Clutter starts with bringing items into the home that, if consciously thought about, there is no need or use for them. Before buying anything, ask yourself three questions; do I love it, do I need it, and will I use it? It you get into the discipline of doing this, you will not only save money, but you will also save yourself time and effort from having to clear the build up of clutter.

8. Think long term

By decluttering now and periodically in the future, it does mean that if your circumstances change, e.g. arrival of a baby, selling your home, downsizing etc. it does away with that dreaded task of sorting through years of accumulated clutter. There’s no time like the present!

9. Be kind to yourself

Everyone has a different view as to what they consider a calm space. Remember this is about you and your possessions; don’t compare yourself to others who may have different standards. The main objective of decluttering is not about making things look pretty; it is about making things work for you so that your spaces bring you happiness and make life simple, safe and stress-free.

10. Need some help on your journey?

If time or energy are obstacles to your decluttering journey, consider hiring a professional. Whilst some may feel this is extravagant, this is no different to seeking help from a personal trainer or nutritionist for our physical wellbeing. A professional organiser will offer support, focus and direction to help you achieve your goals, will put simple tailored systems in place to help keep you and your spaces organised, will provide space saving solutions and help facilitate the disposal of unwanted items in a responsible way. Visit http://www.apdo.co.uk to find a consultant in your area.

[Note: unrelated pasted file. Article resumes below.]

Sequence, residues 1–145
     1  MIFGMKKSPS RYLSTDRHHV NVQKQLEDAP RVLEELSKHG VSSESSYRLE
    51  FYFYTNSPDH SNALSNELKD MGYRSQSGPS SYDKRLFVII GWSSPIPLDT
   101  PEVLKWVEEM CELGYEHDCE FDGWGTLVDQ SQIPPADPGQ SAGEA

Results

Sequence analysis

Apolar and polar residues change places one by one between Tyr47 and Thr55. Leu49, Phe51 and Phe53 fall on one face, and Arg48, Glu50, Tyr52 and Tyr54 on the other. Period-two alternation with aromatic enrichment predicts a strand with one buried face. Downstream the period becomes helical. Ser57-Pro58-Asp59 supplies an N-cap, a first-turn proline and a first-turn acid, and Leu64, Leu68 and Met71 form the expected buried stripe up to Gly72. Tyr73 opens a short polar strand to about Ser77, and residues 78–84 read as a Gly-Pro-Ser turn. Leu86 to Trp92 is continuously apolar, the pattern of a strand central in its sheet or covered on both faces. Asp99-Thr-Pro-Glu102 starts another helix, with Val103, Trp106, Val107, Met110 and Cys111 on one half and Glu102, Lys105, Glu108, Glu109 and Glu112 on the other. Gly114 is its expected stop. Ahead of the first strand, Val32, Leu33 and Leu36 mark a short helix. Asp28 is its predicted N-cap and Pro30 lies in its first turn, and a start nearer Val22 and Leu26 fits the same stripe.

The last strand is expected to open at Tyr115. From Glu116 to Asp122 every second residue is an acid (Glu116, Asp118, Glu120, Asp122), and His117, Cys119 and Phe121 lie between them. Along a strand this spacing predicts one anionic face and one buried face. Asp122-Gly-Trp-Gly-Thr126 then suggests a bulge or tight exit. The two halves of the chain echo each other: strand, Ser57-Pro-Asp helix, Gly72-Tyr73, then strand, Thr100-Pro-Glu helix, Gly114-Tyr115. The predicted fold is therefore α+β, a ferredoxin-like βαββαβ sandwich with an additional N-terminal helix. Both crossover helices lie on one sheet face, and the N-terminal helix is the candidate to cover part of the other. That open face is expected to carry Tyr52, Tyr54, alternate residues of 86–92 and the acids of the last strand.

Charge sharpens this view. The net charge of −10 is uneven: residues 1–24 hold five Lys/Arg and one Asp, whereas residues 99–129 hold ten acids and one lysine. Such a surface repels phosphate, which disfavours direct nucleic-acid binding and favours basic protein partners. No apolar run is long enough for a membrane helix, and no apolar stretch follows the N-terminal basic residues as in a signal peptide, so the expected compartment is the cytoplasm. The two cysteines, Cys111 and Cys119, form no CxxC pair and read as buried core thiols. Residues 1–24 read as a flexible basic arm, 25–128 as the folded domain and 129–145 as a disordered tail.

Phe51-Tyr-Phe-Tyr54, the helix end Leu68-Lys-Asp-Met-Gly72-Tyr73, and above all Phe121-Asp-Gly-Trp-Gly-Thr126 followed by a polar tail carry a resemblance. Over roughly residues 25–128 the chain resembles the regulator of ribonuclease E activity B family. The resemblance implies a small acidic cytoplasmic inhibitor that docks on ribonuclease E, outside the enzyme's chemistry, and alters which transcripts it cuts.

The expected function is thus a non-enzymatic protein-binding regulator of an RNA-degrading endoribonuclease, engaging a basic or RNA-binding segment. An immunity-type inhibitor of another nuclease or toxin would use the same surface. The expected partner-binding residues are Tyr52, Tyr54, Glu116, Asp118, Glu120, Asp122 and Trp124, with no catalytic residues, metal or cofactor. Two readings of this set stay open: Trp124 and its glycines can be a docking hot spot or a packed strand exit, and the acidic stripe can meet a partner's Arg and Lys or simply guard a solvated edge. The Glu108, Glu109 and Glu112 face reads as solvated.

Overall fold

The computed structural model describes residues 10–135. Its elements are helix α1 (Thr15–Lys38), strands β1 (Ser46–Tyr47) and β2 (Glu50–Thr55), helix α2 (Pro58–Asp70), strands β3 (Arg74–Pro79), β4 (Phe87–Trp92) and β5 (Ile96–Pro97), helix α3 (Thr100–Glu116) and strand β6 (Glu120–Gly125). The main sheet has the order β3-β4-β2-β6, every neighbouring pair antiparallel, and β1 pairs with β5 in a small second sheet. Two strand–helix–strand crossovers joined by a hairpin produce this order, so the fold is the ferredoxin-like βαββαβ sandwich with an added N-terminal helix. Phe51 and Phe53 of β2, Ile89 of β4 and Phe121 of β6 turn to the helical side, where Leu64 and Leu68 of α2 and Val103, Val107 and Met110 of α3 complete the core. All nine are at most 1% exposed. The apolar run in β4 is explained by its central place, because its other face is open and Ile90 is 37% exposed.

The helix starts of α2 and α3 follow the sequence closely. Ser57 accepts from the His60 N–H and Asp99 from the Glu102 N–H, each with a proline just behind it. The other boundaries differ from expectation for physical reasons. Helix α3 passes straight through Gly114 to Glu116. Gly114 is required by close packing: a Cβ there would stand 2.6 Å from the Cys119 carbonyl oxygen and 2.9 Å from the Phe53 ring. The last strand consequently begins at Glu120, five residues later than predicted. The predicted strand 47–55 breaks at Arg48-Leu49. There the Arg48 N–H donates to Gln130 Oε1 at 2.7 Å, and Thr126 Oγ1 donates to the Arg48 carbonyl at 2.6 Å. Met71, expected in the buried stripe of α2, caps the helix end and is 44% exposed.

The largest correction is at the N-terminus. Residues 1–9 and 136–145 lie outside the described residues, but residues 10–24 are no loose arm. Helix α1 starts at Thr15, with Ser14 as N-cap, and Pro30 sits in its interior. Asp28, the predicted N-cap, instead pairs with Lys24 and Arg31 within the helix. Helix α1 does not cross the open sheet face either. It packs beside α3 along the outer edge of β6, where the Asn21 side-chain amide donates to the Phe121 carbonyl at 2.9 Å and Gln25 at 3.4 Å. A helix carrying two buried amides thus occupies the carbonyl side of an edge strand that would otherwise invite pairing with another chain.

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Quick home makeover tips

Refreshing your property doesn’t have to take a lot of time or money. Here are a few tips for transforming your living space into a serene sanctuary.

1. Go one step further with your cleaning

Take some time to concentrate on cleaning the areas of your home that only get an occasional wipe. Cleaning windows, skirting boards and walls will make your home feel like new. Cleaning the windows will help increase natural light in rooms. Getting your carpets and upholstery professionally cleaned on an annual basis will have your home looking and smelling fresh and clean.

2. Ensure every room has a purpose

Many people have a habit of using one of the rooms in the house as a dumping ground for papers which need sorting or laundry which needs ironing. But when space is at a premium this is a luxury. Decide what you would most benefit from, ie a spare bedroom or a study and box away all the clutter. If you are staging a home to sell this is vital as multi-purpose rooms may give the impression that the property is smaller than it is.

3. Make a list of repairs

We all have jobs in our home that we put off doing – a dripping tap, a broken tile and a cupboard which needs painting. One by one these would be expensive and time consuming problems to address, but if you cluster them all together and negotiate a great day rate with a local handyman you could get down to the bottom of the list in no time.

Not only does this greatly improve kerb appeal, but it can also feel like a real accomplishment which will change how you feel about your home.